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8. The Report


Communicating the Results

Once evaluation data have been collected and analyzed, and decisions about implementation quality and project impact have been made, the evaluation results (or findings) should be effectively communicated - to both people directly involved in implementation and to other project stakeholders.

Evaluation Purpose and Audience

Evaluation managers should revisit the intended purpose of the evaluation before drafting the evaluation report. The purpose of the evaluation - which should be explicitly described early in the evaluation report - dictates the audience for the report, which in turn guides its language, form, and substance.

A formative evaluation, intended for internal use to guide project implementation, might not even require a formal, written report. Findings might best be presented in the form of a presentation, describing successes and areas requiring improvement. Any written report might be expected to be brief, featuring clear tables, bulleted lists, or short descriptions rather than lengthy narratives. Make formative evaluation findings as useful as possible to intended audiences.

A summative evaluation report (usually required by a funding agency as a condition for continued support, for example) will probably be guided by specific expectations outlined in the Request for Proposals (RFP) or grant award documentation. Reports of this type might be reviewed by comparing them to scoring guides that require specific information or reward the meeting of particular requirements. Funding agencies might or might not require the submission of other materials (work products, for example) or a in-person presentation of findings.

The best advice for writing this type of report is "follow the directions." Allow ample time for planning the report and develop both the document outline and its content around the specific reporting requirements. Use key terms consistently, as they are defined in grant RFP or award materials. Make it as easy as possible for reviewers to find required information and resist the temptation to be creative. It is generally not advisable to provide a lot of extra information, beyond that which is required.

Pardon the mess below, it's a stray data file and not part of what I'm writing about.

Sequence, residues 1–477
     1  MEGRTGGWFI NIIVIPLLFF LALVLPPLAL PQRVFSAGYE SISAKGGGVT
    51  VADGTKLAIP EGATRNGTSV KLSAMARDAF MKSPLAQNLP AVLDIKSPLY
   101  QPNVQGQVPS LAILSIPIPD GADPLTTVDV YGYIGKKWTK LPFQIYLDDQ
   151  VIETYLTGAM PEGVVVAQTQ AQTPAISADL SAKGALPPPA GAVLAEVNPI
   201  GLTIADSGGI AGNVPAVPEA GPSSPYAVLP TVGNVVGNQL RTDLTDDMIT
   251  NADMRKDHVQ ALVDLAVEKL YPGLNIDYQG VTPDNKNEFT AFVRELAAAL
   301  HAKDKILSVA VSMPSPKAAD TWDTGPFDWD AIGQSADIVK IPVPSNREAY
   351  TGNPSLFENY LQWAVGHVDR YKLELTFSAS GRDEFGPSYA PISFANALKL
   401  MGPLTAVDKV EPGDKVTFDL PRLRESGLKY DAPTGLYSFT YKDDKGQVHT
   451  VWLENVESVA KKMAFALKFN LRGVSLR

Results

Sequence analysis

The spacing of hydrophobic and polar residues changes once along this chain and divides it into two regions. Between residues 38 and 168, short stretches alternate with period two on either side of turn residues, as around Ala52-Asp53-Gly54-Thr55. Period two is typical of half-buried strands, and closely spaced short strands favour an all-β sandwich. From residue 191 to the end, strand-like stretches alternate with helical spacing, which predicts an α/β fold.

General Considerations

Regardless of the primary intended audience, it might prove valuable to prepare presentations or reports of evaluation findings tailored to the information needs of various stakeholder groups, bearing in mind and respecting the stated purpose of the evaluation.

It is also important that any evaluation report be clear to all members of any intended audience group, avoiding the use of jargon for example, with which they might not be familiar. The report should include a description of the project being evaluated, a delineation of evaluation questions, and an explanation of the methods and measures used to collect data to address those questions - as well as the findings arising from the effort.

It should go without saying that authors should make every effort to be impartial in their reporting, basing findings in available data rather than personal biases.

Finally, errors that might be caught by thorough editing detract significantly from the message of any evaluation report, regardless of its purpose and audience. Someone other than the report's authors should review the document with an eye toward typographical, usage, or other mechanical errors.


Summative evaluation reports typically have a specific date by which they must be submitted to funding agencies. The importance of meeting these dates should be obvious but the time required to prepare evaluation reports may dictate getting an early start toward achieving that goal. Include report writing in the evaluation plan, allowing sufficient time for necessary editing and revision.

The timing of formative evaluation reports should be tailored to meet the needs of project managers and other stakeholders, considering school calendars and other influences that might make some possible release or presentation dates better or worse than others.

Reports should be disseminated only as is appropriate to the stated purpose of the evaluation. Project managers might be afforded the option of reviewing and responding to formative evaluation reports first, before wider dissemination occurs, to head off potential misinterpretation of findings. It is not a good idea to distribute evaluation findings through "back channels" to inappropriate recipients or in advance of official releases of findings.

Next > 9. Examples: Real Evaluation Plans and Reports


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This page last updated 6/23/05